Before Chalabi had to skedaddle to another meeting with another high-level Bush official, he faced one more question on the WMD issue. What do you believe happened to the WMDs? a reporter asked. Were they taken out of Iraq, buried in the desert, hidden, or did they never exist? “This question,” Chalabi replied, “is pregnant with implications. Too many people have said too many things….It is not useful for me to comment on it….We are not engaged in this debate in Iraq.”
And he was not engaging in it now. Moreover, he had not told the truth about page 108. On that page, the Robb-Silberman commission does claim that “INC-related sources had a minimal impact on pre-war assessments,” but it says that the National Intelligence Estimate on Iraq (the major prewar intelligence summation compiled by the CIA)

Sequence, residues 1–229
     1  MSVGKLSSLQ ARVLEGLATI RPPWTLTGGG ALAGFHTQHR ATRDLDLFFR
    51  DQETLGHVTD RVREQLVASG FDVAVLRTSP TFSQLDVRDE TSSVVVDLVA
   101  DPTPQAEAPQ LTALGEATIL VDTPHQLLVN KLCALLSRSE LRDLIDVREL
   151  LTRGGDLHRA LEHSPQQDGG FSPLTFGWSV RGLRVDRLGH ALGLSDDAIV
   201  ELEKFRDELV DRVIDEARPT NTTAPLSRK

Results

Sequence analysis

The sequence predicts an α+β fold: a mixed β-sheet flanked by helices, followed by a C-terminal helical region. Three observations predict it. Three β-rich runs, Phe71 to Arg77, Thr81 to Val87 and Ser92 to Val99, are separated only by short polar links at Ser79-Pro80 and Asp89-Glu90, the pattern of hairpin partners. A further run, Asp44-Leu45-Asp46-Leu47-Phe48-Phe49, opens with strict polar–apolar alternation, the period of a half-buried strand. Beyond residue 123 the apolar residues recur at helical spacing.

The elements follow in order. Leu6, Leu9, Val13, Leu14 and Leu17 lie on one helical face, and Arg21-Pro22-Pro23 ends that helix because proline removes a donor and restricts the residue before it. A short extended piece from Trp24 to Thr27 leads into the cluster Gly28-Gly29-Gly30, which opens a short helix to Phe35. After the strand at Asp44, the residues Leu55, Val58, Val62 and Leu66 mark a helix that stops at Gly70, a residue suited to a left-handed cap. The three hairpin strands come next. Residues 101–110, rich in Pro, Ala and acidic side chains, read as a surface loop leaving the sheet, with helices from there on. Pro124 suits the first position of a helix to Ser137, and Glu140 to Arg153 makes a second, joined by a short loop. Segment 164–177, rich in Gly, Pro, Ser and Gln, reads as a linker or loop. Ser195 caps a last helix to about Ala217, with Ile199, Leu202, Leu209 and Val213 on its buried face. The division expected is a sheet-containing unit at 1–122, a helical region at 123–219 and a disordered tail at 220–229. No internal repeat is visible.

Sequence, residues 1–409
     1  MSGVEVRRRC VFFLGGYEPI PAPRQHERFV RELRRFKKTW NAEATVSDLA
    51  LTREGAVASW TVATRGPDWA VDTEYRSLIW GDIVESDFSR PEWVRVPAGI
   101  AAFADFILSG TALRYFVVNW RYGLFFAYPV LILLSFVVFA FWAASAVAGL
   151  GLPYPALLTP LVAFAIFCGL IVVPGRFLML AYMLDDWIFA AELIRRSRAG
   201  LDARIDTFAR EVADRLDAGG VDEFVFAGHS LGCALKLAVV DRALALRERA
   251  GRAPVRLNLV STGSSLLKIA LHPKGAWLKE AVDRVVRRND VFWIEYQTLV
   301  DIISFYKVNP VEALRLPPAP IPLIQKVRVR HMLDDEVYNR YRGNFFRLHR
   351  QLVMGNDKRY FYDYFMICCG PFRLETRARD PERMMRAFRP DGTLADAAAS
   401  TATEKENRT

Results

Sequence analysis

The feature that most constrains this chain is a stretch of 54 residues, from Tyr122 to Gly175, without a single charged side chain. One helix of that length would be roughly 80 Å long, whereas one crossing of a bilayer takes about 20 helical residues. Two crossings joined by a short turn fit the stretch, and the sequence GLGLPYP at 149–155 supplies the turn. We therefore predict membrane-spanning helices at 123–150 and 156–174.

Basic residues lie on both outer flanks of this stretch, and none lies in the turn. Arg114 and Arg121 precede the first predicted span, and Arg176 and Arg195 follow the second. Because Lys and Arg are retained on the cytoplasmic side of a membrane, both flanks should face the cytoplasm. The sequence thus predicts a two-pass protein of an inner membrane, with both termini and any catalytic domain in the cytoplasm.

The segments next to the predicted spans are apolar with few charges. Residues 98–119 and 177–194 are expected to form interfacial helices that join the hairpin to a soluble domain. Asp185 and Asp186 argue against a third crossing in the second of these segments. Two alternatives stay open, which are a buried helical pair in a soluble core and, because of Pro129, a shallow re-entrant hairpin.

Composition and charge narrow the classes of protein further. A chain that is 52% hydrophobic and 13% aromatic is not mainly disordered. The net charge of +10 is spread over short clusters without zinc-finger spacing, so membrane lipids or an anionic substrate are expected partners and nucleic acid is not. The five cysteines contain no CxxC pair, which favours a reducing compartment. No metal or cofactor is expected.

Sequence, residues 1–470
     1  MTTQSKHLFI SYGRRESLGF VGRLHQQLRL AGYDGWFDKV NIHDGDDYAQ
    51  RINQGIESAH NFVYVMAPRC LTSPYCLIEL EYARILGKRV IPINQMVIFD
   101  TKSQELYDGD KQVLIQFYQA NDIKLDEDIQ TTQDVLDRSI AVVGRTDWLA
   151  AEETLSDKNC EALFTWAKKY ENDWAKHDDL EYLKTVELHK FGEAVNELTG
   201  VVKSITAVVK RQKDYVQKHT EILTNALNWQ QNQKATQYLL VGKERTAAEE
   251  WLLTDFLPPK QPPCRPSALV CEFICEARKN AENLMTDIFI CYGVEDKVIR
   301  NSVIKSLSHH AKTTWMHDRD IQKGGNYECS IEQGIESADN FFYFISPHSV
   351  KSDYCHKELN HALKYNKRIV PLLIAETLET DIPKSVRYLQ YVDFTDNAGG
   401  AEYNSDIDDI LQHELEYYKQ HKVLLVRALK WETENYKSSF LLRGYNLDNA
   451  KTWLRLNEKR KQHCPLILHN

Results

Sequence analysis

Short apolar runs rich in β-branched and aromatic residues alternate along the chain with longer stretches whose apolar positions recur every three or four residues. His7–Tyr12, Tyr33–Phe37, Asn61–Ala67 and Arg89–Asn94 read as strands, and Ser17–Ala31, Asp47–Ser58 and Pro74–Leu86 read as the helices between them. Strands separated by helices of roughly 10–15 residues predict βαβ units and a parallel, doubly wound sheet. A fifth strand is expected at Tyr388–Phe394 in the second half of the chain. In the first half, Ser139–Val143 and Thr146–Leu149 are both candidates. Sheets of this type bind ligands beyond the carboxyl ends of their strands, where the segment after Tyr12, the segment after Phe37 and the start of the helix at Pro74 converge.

relied on reporting from two INC sources, both of whom were later deemed to be fabricators. One source…provided fabricated reporting on the existence of mobile [biological weapons] facilities in Iraq. The other source, whose information was provided in a text box in the NIE and sourced to a “defector,” reported on the possible construction of a new nuclear facility in Iraq. The CIA concluded that this source was being “directed” by the INC to provide information to the U.S. Intelligence Community.
Does this passage debunk what Chalabi called the “myth” that the INC supplied bad information to the US intelligence? Instead, the report states that the INC “directed” a fabricator to give information that was false to the CIA. What “directed” means in this instance is not specified. Perhaps Chalabi and the INC did not realize these sources were making it up. But wouldn’t sending along a fabricator–wittingly or not–warrant an apology?
Don’t forget about DAVID CORN’s BLOG at www.davidcorn.com. Read recent postings on the Rove/Libby scandal, Corn’s appearance with Triumph the Insult Comic Dog, the slow Phase II review of prewar intellience, Samuel Alito and other in-the-news matters.